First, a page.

“There are times where folks who see this through a civil liberties or privacy lens reject that there’s any trade-offs involved, and in fact there are,” Mr. Obama said in the interview with Re/Code. “We can’t pretend that there are no trade-offs whatsoever.”
Several former Obama administration officials said they believed the president personally leaned, at least slightly, toward the view that technology companies must be allowed to secure personal data if they want to earn the trust of their customers.
He also understands, they said, the problems that could arise if governments like China and Russia demand the same backdoor access to American technologies that the F.B.I. wants. In the same interview, he said, “I lean probably further in the direction of strong encryption than some do inside of law enforcement.”
But some civil libertarians view Mr. Obama as, at best, a weak supporter of their views and one who has too often been swayed by his national security and law enforcement apparatus.
Some of those civil libertarians said Thursday that Mr. Obama’s vocal support for the F.B.I.’s aggressive legal tactics against Apple were evidence that the president is too willing to accede to the demands of his national security advisers. Tim Cook, the Apple chief executive who in the past has expressed deep respect for Mr. Obama, has vowed to fight the order.
“This is yet another disappointment in a string of disappointments when it comes to privacy,” said Kevin Bankston, the director of the Open Technology Institute at the New America Foundation.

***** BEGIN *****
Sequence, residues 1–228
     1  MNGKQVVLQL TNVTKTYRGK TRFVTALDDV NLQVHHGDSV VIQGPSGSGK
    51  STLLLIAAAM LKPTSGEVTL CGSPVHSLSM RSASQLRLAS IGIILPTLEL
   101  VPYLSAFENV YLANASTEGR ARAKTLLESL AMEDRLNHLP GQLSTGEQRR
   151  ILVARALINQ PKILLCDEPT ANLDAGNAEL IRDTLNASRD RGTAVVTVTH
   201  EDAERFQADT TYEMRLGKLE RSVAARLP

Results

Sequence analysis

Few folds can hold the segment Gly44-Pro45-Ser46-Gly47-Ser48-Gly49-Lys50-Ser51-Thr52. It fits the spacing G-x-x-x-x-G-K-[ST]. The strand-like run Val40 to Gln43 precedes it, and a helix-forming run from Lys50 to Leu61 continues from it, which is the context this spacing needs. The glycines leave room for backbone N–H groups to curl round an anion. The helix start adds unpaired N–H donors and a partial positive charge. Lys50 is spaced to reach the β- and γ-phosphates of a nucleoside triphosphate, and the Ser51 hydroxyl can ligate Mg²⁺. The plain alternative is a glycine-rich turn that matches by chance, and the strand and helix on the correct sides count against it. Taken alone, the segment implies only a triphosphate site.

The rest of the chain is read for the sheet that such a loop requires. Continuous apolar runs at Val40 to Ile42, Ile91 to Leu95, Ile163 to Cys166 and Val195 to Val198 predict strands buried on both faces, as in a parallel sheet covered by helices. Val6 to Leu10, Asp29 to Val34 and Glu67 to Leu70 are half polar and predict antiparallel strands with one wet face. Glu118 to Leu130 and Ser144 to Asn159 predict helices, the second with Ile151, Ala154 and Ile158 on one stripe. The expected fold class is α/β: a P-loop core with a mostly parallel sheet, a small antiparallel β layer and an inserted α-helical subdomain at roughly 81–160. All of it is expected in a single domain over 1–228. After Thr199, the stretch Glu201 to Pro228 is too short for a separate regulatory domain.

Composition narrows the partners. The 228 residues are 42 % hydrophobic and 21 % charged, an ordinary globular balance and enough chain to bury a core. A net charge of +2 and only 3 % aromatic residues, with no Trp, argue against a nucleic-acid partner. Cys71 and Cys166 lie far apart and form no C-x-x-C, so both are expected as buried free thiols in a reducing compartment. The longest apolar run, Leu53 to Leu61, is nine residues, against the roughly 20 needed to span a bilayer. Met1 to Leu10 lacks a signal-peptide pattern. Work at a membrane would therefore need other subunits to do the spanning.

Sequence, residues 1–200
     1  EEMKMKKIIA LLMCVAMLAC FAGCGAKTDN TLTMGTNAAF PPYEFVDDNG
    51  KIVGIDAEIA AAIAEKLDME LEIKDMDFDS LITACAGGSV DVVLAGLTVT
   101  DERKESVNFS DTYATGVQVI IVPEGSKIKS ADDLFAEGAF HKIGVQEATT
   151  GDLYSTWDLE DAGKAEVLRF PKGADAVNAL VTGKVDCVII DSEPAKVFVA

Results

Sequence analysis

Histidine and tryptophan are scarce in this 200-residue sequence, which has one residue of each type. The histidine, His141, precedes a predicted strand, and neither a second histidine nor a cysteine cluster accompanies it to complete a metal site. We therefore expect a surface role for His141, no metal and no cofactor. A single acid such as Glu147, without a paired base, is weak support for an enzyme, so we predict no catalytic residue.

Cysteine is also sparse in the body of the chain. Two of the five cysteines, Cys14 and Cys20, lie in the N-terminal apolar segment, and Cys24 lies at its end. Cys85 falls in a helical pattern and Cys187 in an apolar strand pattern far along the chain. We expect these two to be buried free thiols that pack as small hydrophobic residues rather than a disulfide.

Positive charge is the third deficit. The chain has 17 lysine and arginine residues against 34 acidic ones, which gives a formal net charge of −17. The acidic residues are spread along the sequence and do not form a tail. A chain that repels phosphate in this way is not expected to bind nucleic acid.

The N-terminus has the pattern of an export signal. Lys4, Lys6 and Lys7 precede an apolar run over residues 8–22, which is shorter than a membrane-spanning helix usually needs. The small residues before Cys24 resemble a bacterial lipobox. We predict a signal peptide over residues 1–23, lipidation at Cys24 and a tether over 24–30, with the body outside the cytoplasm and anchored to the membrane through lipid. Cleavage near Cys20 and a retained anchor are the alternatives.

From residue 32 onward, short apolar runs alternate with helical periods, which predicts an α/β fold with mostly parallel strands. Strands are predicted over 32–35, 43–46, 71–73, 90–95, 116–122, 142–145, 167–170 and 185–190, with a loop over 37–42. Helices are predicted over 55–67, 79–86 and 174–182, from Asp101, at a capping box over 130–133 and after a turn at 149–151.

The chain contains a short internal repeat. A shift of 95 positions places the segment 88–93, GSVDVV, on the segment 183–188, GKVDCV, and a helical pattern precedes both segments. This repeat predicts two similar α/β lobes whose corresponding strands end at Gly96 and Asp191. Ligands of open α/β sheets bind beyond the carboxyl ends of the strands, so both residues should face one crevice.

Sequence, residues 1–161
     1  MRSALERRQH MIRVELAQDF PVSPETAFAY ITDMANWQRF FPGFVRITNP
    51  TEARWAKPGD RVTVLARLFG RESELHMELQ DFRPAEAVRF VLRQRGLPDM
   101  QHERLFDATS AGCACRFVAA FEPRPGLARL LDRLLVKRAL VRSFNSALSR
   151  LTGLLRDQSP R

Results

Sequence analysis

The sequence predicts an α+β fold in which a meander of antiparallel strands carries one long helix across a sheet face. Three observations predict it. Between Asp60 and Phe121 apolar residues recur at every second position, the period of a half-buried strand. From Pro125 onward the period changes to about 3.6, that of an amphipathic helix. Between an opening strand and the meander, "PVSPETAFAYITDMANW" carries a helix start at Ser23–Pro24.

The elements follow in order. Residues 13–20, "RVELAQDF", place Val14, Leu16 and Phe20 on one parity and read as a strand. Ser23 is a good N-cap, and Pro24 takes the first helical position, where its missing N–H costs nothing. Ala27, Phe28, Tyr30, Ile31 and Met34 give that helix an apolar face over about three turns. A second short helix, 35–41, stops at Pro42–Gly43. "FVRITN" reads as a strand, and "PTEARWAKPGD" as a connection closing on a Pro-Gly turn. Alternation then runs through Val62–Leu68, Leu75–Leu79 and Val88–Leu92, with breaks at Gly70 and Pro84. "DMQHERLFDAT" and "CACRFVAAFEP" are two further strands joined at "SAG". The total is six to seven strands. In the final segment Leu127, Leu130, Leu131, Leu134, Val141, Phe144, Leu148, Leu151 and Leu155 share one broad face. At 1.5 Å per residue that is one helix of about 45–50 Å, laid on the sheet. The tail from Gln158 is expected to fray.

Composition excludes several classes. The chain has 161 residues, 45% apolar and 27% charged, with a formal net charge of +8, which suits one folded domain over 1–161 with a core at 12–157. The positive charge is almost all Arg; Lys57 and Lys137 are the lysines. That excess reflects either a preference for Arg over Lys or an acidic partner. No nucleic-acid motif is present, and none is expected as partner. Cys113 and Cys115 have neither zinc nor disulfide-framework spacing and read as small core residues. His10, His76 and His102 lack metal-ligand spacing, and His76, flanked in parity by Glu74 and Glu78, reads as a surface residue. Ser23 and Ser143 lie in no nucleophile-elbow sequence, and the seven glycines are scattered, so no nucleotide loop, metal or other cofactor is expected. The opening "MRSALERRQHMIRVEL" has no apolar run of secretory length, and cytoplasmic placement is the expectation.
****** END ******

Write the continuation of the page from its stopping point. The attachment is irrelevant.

Mr. Bankston said the F.B.I.’s decision to choose the San Bernardino case to press, legally, had been a smart way to put pressure on Mr. Obama and the technology companies. But he urged the president to consider the broader implications for privacy if Apple loses the case.
“The fact that it’s linked to the shootings makes it much more difficult politically,’’ Mr. Bankston said. “But the answer is to highlight that it’s not just about this case. It’s about every encrypted device.”
Mr. Schiff said the specifics of the California case might provide courts with the ability to narrow that impact. The phone in the case was owned by the terrorist’s employer, who has given permission for law enforcement to search it. To do that, officials need Apple’s help. If courts agree with the government, they might attempt to apply their ruling in limited cases.
Regardless of the outcome of the case, any final resolution is unlikely to come before Mr. Obama leaves office early next year — timing that in some ways works for the president.
“Taking this case to the courts buys the administration a bit more time on these issues,” Mr. Schiff said. “This is a very challenging issue for the administration. There simply is no easy answer.”